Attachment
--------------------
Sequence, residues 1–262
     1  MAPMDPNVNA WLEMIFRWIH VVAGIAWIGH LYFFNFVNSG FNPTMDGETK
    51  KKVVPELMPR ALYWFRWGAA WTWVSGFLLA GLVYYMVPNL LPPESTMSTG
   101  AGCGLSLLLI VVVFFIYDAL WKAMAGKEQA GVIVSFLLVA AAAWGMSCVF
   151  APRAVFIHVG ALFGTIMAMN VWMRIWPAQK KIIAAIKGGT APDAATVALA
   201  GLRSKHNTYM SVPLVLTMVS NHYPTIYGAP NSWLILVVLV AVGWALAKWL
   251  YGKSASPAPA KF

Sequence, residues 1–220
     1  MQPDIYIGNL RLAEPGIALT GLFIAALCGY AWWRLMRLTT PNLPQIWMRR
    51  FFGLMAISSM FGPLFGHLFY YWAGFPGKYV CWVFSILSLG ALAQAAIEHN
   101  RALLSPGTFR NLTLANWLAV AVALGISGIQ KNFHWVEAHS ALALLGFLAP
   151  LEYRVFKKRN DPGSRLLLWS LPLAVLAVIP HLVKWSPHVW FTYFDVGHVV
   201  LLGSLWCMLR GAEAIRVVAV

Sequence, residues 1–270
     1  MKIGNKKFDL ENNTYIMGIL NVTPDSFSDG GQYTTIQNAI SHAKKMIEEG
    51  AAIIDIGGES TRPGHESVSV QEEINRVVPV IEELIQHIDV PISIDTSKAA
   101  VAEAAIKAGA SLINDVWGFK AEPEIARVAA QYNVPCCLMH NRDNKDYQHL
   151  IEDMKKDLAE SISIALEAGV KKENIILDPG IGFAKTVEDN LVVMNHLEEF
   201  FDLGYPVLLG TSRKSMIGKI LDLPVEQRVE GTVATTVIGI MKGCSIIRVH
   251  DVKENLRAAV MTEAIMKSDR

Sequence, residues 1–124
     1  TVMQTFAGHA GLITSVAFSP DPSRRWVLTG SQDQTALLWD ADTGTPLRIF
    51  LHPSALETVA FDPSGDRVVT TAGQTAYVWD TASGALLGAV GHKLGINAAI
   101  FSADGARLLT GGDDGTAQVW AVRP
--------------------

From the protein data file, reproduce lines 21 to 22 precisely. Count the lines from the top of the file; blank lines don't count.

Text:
Sequence, residues 1–124
     1  TVMQTFAGHA GLITSVAFSP DPSRRWVLTG SQDQTALLWD ADTGTPLRIF